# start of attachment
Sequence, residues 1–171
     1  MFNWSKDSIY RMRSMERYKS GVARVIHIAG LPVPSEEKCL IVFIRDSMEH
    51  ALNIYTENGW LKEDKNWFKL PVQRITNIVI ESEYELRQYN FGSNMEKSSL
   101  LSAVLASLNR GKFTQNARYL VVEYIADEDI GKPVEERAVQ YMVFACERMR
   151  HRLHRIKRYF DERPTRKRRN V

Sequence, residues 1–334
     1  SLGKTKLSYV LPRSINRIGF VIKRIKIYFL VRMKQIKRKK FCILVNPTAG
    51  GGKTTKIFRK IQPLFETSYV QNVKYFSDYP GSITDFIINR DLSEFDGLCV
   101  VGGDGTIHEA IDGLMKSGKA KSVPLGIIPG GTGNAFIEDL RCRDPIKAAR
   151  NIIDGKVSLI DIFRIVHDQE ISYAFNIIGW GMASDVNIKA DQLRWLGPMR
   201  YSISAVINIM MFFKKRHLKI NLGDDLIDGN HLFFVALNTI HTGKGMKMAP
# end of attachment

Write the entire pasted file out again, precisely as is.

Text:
Sequence, residues 1–171
     1  MFNWSKDSIY RMRSMERYKS GVARVIHIAG LPVPSEEKCL IVFIRDSMEH
    51  ALNIYTENGW LKEDKNWFKL PVQRITNIVI ESEYELRQYN FGSNMEKSSL
   101  LSAVLASLNR GKFTQNARYL VVEYIADEDI GKPVEERAVQ YMVFACERMR
   151  HRLHRIKRYF DERPTRKRRN V

Sequence, residues 1–334
     1  SLGKTKLSYV LPRSINRIGF VIKRIKIYFL VRMKQIKRKK FCILVNPTAG
    51  GGKTTKIFRK IQPLFETSYV QNVKYFSDYP GSITDFIINR DLSEFDGLCV
   101  VGGDGTIHEA IDGLMKSGKA KSVPLGIIPG GTGNAFIEDL RCRDPIKAAR
   151  NIIDGKVSLI DIFRIVHDQE ISYAFNIIGW GMASDVNIKA DQLRWLGPMR
   201  YSISAVINIM MFFKKRHLKI NLGDDLIDGN HLFFVALNTI HTGKGMKMAP